Missing Brazilian found living in Siberian forest: police

7th September 2011, Comments 0 comments

Russian police and Interpol have found a Brazilian woman who disappeared four years ago living in a religious community deep in a Siberian forest, officials said Wednesday.

Ustina Chernishoff, who had been on Interpol's missing persons list since June, was discovered in a village inhabited by Orthodox Old Believers, a group that broke away from the main Russian Orthodox Church.

Chernishoff, 23, a descendant of Old Believers who fled Russia during the revolution, had left her mother in Brazil four years ago to explore her roots with her father, Krasnoyarsk regional police said on their website.

Her Interpol page indicates that Chernishoff had disappeared in August 2007 but police said she had stayed in contact with her mother until several months ago.

After staying in an Old Believer community for some time, her father moved on to Canada, leaving Chernishoff "in a small settlement deep in the taiga" in the vast and sparsely populated northern region, the police statement said.

"All this time she was working in the household and copying sacred Kerzhak texts," the statement said, referring to Old Believer religious communities banished to Siberia from central Russia in the 18th century.

Chernishoff had vastly overextended her one-month tourist visa, and her mother called police after she stopped hearing from her daughter.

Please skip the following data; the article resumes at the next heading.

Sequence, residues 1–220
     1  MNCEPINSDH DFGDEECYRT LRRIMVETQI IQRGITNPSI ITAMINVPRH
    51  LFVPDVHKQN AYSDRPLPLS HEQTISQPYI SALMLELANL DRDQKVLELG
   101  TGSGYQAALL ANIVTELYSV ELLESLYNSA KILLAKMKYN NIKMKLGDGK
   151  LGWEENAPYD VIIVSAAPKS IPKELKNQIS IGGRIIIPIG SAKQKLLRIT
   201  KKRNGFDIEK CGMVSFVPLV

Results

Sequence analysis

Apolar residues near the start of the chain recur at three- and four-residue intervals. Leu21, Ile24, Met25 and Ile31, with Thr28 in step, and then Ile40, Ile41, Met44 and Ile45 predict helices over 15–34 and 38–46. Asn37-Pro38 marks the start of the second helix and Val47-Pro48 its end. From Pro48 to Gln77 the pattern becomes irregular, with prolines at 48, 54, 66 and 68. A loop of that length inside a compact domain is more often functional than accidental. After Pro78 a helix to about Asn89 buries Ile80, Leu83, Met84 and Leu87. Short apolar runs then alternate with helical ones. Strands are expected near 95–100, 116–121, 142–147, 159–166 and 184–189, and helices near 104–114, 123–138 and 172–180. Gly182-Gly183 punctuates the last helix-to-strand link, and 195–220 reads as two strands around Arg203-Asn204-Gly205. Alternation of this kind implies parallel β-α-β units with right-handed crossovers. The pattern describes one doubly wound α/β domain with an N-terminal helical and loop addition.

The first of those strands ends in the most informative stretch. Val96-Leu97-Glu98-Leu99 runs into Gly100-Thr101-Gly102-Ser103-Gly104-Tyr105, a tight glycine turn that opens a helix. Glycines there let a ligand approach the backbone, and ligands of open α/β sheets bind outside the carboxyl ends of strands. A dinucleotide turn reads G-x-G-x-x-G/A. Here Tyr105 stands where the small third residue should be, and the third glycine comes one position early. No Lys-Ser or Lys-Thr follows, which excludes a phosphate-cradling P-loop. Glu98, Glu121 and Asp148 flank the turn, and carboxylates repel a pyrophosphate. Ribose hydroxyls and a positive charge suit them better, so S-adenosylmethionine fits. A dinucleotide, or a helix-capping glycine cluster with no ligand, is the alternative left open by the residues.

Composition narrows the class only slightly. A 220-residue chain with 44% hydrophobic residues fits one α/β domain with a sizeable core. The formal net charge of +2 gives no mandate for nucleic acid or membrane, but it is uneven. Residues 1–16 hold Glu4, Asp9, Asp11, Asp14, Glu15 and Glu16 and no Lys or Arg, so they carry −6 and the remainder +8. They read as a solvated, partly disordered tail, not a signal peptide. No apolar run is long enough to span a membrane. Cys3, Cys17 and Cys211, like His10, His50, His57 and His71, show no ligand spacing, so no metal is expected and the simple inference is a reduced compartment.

Police footage showed Chernishoff in a very long loose-fitting dark dress with her hair in a long braid, quietly picking at her nails and barely speaking during questioning from investigators.

Old Believers splintered away from the main Russian Orthodox Church in the 17th century and were persecuted for centuries, often by being exiled to desolate faraway lands for their beliefs.

They still maintain churches both in Russia and across the world, as well as settlements that are often isolated and retain very traditional lifestyle.

In Krasnoyarsk region, Old Believers live mostly in settlements down the mighty Yenisei river up to 400 kilometres (250 miles) away from the nearest town, said a local official at the nearest district centre of Turukhansk, Viktor Smirnov.

"They are very hard to get in touch with," he told AFP.

A representative at the Brazilian embassy in Moscow said Chernishoff was due to be deported to Brazil on Tuesday but had no further comment amid the festivities surrounding Brazil's Independence Day on September 7.

© 2011 AFP

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